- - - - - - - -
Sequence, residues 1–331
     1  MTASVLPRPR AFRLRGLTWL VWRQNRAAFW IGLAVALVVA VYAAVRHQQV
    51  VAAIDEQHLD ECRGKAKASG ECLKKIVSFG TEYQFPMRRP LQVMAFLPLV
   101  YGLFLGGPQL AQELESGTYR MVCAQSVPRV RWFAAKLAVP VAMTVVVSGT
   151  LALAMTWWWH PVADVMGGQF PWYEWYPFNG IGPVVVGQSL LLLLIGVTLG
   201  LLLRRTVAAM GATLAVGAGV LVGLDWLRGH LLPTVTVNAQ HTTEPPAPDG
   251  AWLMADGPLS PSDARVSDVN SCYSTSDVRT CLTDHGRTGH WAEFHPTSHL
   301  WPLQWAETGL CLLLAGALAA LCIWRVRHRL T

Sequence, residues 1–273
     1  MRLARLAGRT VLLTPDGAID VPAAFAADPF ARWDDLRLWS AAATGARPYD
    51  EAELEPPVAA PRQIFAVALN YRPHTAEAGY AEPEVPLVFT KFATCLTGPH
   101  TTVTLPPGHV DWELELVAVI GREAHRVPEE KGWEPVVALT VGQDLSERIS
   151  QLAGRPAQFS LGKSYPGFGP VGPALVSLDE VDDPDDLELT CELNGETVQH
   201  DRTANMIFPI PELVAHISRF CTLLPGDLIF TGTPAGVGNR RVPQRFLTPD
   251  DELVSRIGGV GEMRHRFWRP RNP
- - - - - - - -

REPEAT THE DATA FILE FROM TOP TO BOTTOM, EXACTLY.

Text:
Sequence, residues 1–331
     1  MTASVLPRPR AFRLRGLTWL VWRQNRAAFW IGLAVALVVA VYAAVRHQQV
    51  VAAIDEQHLD ECRGKAKASG ECLKKIVSFG TEYQFPMRRP LQVMAFLPLV
   101  YGLFLGGPQL AQELESGTYR MVCAQSVPRV RWFAAKLAVP VAMTVVVSGT
   151  LALAMTWWWH PVADVMGGQF PWYEWYPFNG IGPVVVGQSL LLLLIGVTLG
   201  LLLRRTVAAM GATLAVGAGV LVGLDWLRGH LLPTVTVNAQ HTTEPPAPDG
   251  AWLMADGPLS PSDARVSDVN SCYSTSDVRT CLTDHGRTGH WAEFHPTSHL
   301  WPLQWAETGL CLLLAGALAA LCIWRVRHRL T

Sequence, residues 1–273
     1  MRLARLAGRT VLLTPDGAID VPAAFAADPF ARWDDLRLWS AAATGARPYD
    51  EAELEPPVAA PRQIFAVALN YRPHTAEAGY AEPEVPLVFT KFATCLTGPH
   101  TTVTLPPGHV DWELELVAVI GREAHRVPEE KGWEPVVALT VGQDLSERIS
   151  QLAGRPAQFS LGKSYPGFGP VGPALVSLDE VDDPDDLELT CELNGETVQH
   201  DRTANMIFPI PELVAHISRF CTLLPGDLIF TGTPAGVGNR RVPQRFLTPD
   251  DELVSRIGGV GEMRHRFWRP RNP